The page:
Hyperthyroidism is the most common glandular disorder in cats. It is most often brought on by an excessive concentration of distributing thyroxine-a thyroid hormone much better called T4-in the bloodstream. It occurs when the thyroid glands, located in your cat’s neck, produce an excess of thyroid hormone.
Thyroid hormone helps control and manage normal bodily procedures. Think about it as an engine gauge: in simple terms, it controls how fast or slow the body functions. When a cat’s thyroid gland ends up being overactive and produces excessive thyroid hormone, the engine gauge is turned up too expensive, causing a boost in the body’s metabolism. While this may sound like an excellent way to shed a couple of extra pounds, the effect of hyperthyroidism on our cat good friends can be dangerous. Over a long period, the overproduction of thyroid hormone can have a negative effect on the heart, kidneys, and other organs.
Symptoms of Hyperthyroidism
Weight loss and increased appetite are among the most common clinical signs of this condition. Weight loss is seen in 95 to 98 percent of hyperthyroid cats, and a hearty hunger in 67 to 81 percent. Excessive thirst, increased urination, hyperactivity, neglected look, panting, diarrhea and increased shedding have also been reported. Vomiting is seen in about 50 percent of affected cats. Scientific signs are a result of the result of increased T4 levels on various organ systems.
What Breeds/Ages Are Prone to Hyperthyroidism?
Hyperthyroidism can occur in any type of cat, male or female, but occurs nearly solely in older animals. Less than 6 percent of cases are younger than 10 years of age; the typical age at start is between 12 and 13 years.
How Is Hyperthyroidism Diagnosed?
Since numerous common diseases of older cats-diabetes, inflammatory bowel disease, digestive tract cancer and chronic kidney failure-share some of the clinical signs of hyperthyroidism, a battery of tests remains in order. A CBC, chemistry panel and urinalysis alone will not diagnose hyperthyroidism, however they can definitely dismiss diabetes and kidney failure. Hyperthyroid cats might have normal findings on the CBC and urinalysis, however the chemistry panel often reveals elevation of numerous liver enzymes.
In the vast bulk of cases, a conclusive medical diagnosis of hyperthyroidism is based on a simple blood test that reveals elevated T4 levels in the bloodstream. Unfortunately, between 2 percent and 10 percent of cats with hyperthyroidism will have normal T4 levels. One possible explanation for this is that in mild cases, T4 levels can fluctuate in and out of the normal variety. Another is that concurrent health problem will reduce raised T4 levels, lowering them into the normal or high-normal variety and deceiving the veterinarian into thinking that the cat’s thyroid status is normal. Due to the fact that these are geriatric cats, concurrent health problem is relatively typical, and medical diagnosis of hyperthyroidism in these cats can be difficult.
How Is Hyperthyroidism Treated?
A number of treatment choices for hyperthyroidism exist, each with advantages and disadvantages.
- Oral administration of antithyroid medication. Methimazole (brand nameTapazoleTM) has actually long been the mainstay of drug therapy for feline hyperthyroidism. It is extremely efficient in remedying the condition, frequently within 2 to 3 weeks. Unfortunately, about 10%-15% of cats will suffer side effects, such as anorexia nervosa, vomiting, lethargy, and sometimes blood cell abnormalities. Uncommon but more severe side effects include severe facial itching with self-induced trauma, blood clot disorders, or liver problems. A lot of side effects are moderate and eventually resolve, although some demand discontinuation of the medication. Lifelong everyday medication is required, which is a disadvantage to owners whose cats withstand pilling. CBC and T4 levels have to be rechecked frequently for the remainder of the cat’s life.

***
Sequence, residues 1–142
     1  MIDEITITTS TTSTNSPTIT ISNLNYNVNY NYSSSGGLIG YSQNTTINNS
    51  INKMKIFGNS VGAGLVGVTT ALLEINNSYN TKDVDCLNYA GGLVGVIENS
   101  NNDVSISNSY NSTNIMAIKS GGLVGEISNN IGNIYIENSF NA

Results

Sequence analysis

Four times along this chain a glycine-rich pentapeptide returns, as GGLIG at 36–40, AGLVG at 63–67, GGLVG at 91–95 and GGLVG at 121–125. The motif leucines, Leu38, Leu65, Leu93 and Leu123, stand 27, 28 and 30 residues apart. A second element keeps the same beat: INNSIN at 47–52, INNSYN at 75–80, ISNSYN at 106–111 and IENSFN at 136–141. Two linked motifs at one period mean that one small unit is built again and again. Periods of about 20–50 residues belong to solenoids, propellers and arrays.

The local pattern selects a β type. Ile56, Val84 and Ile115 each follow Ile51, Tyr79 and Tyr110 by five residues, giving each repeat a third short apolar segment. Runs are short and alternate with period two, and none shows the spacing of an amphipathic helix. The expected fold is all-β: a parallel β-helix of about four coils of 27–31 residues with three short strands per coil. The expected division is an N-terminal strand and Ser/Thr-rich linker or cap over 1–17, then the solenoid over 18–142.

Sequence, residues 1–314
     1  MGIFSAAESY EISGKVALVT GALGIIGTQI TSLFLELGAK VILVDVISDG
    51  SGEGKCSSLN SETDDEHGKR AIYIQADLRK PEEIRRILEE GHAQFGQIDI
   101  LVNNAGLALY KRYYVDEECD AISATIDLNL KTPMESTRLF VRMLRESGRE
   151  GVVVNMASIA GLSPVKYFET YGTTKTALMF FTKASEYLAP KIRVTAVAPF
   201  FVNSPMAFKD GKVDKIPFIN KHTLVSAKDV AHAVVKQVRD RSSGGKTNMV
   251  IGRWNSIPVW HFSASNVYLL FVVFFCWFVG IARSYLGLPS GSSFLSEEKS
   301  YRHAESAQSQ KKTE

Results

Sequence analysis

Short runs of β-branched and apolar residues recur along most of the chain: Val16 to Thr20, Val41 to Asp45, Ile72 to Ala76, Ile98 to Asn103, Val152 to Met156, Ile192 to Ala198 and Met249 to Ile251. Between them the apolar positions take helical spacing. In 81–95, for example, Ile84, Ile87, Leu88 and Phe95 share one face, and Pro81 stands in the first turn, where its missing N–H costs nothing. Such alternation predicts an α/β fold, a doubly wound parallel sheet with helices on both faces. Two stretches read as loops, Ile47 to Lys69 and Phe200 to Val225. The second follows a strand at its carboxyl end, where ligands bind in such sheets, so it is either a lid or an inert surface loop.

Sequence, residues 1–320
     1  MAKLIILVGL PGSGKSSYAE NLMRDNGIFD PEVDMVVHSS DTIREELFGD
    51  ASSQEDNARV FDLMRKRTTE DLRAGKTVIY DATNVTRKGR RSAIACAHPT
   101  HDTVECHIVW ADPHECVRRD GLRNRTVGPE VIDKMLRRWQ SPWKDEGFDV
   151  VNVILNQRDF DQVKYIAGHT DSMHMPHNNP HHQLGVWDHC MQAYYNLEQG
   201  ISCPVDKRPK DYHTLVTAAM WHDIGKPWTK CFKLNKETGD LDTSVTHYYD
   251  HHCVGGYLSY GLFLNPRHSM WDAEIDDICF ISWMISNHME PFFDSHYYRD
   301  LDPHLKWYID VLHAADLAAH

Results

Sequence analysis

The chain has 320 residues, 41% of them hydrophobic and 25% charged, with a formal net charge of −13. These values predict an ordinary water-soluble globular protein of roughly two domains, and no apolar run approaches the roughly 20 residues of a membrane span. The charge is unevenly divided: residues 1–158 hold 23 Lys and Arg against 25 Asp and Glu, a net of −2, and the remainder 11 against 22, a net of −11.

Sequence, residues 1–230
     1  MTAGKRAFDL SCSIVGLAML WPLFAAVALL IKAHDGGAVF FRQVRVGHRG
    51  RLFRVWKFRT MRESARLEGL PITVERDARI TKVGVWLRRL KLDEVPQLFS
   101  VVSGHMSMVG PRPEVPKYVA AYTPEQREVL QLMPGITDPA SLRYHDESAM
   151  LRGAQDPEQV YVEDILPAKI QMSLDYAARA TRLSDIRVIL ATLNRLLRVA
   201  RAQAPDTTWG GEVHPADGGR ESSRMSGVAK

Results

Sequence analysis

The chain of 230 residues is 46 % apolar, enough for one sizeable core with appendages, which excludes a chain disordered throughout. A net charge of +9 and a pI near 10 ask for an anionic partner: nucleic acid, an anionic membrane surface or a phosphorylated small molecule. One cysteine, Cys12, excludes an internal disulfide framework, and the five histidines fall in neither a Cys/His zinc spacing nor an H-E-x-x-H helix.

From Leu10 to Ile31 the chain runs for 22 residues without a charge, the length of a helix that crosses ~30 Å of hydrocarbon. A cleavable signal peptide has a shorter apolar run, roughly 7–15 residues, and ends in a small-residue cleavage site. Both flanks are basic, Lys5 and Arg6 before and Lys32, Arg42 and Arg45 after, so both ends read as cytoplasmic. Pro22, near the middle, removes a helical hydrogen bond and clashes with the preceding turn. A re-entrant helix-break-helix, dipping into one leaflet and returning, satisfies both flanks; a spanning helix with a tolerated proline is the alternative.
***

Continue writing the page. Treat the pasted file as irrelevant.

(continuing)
- Surgical elimination of the thyroid gland. Hyperthyroidism is normally triggered by a benign tumor called a thyroid adenoma that includes one or, regularly, both thyroid glands. Thankfully, most hyperthyroid cats have benign, well-encapsulated tumors that are quickly removed. Surgery normally leads to a remedy, however anesthesia can be challenging in these older patients whose disease might have impacted their hearts and other organs. Although surgery may appear costly, it often winds up being cheaper than years of oral medication and regular bloodwork rechecks.
- Radioactive iodine therapy. This is probably the best and most effective treatment alternative. Radioactive iodine, provided by injection, ends up being focused in the thyroid gland, where it irradiates and destroys the hyperfunctioning tissue. No anesthesia or surgery is needed, and just one treatment is usually needed to achieve a treatment. It used to be that radioiodine treatment was carried out just in specialized, licensed centers, but lots of private treatment centers are now discovered throughout the country. Hospitalization might be lengthened; depending on local or state regulations, cats may have to be kept at the treatment facility for 10 to 14 days up until the level of radioactivity in their urine and feces decreases to an acceptable level. Also, radioiodine therapy is pricey. The cost has boiled down from about $1,200 to in between $500 and $800-but this is still excessive for lots of cat owners.
Prevention for Feline Hyperthyroidism
If your cat was diagnosed with hyperthyroidism, there is nobody to blame! Enjoy this video for more information about hyperthyroidism. Keep in mind: even professionals are unsure why some cats end up being hyperthyroid. Having a thyroid level included in your cat’s annual labwork from the age of 7 onward will help identify this disease in the early stages. Diagnosing and treating your cat successfully will permit your dear pal to live a long and healthy life!